Opinion as to where and how the steamer sank has varied widely. Initially, newspapers reported that the steamer went down on the sand bars surrounding Cape Cod. Searches in these areas shortly after the Portland sank turned up no evidence of the vessel. Speculation then turned to the possibility that the steamer collided with another vessel in deep water, as the Portland's remains washed up with the remains from several other ships, including the screw steamer Pentagoet. Scallop draggers brought up suspected pieces of the Portland during the 1920s and 1930s, and a hardhat diver dove on a wreck believed to be the Portland in 1945. None of the finds provided conclusive evidence as to the wreck's location, however.
In December 1902, the schooners Frank A. Palmer and Louise B. Crary crashed and sank together near the site of the Portland's demise. The Palmer was the largest four-masted schooner ever built (274.5 ft) while the Crary was a similarly sized five-masted vessel (267 ft). Both ships were colliers (coal carriers), which plied regular routes between the coal-producing regions of the Mid-Atlantic and the energy-needy Northeast.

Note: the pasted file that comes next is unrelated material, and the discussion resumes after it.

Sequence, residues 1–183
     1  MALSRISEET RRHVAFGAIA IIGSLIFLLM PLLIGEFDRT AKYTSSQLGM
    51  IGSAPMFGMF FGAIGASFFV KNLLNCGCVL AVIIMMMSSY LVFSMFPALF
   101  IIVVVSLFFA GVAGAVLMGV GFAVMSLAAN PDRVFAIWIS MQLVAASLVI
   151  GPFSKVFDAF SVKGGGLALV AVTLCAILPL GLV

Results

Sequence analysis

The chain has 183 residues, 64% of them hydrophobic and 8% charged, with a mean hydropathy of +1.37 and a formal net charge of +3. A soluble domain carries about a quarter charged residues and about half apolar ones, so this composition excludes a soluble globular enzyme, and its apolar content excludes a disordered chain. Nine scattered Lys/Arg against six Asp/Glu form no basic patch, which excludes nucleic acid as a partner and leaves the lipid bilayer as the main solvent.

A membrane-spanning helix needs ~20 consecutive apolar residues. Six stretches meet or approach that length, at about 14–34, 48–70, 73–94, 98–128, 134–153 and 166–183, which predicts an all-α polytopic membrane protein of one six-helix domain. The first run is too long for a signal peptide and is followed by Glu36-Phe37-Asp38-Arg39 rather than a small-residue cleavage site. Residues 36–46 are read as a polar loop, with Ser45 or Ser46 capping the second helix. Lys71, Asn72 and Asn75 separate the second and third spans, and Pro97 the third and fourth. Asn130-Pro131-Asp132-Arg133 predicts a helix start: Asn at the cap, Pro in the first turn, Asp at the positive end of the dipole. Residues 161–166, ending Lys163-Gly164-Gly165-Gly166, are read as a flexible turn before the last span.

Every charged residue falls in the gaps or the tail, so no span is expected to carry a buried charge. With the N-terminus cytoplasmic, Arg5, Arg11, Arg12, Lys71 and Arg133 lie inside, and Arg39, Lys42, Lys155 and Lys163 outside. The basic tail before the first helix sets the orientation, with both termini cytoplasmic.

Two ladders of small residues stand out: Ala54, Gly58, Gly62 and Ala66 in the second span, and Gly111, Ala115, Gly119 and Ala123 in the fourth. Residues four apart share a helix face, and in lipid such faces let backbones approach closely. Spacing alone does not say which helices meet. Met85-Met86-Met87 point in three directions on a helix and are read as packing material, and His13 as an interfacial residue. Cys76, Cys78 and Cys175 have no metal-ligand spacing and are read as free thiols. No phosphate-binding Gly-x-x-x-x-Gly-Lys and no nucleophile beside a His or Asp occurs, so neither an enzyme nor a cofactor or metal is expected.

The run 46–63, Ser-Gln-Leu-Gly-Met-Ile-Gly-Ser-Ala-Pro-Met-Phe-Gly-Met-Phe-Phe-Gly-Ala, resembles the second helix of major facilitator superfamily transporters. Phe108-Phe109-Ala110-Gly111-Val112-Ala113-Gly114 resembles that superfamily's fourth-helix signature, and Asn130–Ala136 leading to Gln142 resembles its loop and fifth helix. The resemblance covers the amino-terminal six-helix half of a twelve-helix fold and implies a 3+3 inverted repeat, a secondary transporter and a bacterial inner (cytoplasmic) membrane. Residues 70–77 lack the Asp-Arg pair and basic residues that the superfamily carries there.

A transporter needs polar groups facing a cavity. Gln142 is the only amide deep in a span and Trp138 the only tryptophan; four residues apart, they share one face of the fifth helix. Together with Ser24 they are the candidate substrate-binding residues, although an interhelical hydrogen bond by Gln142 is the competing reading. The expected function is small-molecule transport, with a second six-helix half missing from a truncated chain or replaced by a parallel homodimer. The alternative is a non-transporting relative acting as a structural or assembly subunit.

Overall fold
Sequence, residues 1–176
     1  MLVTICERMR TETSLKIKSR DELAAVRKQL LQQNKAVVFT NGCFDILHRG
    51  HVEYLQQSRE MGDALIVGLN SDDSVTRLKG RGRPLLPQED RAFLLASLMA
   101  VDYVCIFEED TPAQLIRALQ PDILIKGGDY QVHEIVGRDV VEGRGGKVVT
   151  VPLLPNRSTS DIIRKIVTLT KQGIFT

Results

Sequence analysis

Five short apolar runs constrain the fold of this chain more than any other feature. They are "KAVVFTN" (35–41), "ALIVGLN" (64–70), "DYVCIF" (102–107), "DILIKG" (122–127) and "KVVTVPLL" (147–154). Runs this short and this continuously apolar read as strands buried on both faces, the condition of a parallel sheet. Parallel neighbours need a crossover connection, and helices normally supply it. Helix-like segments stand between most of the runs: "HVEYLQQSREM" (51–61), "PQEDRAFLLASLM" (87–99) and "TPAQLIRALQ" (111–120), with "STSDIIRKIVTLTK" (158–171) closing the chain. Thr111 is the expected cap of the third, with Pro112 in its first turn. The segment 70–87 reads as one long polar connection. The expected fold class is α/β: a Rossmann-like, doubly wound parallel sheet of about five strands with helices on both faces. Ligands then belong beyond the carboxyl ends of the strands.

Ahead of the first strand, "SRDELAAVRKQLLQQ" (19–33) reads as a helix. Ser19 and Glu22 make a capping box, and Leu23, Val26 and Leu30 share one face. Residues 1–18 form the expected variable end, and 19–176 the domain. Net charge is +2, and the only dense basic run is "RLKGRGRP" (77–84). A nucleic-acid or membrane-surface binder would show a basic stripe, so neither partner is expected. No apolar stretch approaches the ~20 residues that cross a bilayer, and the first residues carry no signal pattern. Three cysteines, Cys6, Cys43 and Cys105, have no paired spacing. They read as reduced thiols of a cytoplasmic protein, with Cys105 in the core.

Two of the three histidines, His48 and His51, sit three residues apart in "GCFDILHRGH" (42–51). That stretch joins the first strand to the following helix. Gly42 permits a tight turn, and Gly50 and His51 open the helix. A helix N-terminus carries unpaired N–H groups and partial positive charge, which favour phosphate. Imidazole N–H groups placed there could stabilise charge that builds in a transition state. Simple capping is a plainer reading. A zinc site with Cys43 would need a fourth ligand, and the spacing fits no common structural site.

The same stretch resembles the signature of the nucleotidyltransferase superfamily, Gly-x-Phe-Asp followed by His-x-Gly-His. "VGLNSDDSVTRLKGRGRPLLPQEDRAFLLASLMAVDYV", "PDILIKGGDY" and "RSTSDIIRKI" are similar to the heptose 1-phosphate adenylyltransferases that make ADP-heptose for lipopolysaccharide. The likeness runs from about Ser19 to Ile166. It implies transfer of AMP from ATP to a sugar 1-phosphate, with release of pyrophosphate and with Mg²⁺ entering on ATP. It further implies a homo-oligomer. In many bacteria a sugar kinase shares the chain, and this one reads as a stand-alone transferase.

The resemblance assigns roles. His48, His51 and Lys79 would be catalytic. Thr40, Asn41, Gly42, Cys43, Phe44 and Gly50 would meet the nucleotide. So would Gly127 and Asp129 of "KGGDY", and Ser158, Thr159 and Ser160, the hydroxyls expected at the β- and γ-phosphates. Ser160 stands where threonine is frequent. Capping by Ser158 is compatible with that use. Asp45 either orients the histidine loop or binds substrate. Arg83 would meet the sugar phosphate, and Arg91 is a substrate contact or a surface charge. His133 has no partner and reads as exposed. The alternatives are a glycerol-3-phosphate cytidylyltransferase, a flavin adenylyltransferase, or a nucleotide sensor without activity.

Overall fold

That December, a record cold snap (temperatures reached below 0 degrees F) and a series of coastal storms created a serious energy crisis in the Boston area. The Palmer, based out of Maine, and the Crary out of New York City, were two of a fleet of vessels bringing coal to the beleaguered city and its environs. An apparent miscalculation on the part of the Crary's first mate, who was at the helm, led to the collision during the clear but cold evening of Dec. 17, 1902. The bow of the Crary plowed into the portside of the Palmer, leaving both vessels fatally damaged. Reports note that the vessels quickly disappeared from view, with some crew members unable to abandon the ships before they sank. Of the 21 crew of both schooners, only 15 made it into one of the Palmer's lifeboats. Among this group, four died from exposure and one committed suicide by jumping overboard, according to survivors. Lack of communications prevented rescuers from learning of the crash, and the lifeboat drifted for four days until a fishing boat spotted it off Cape Cod.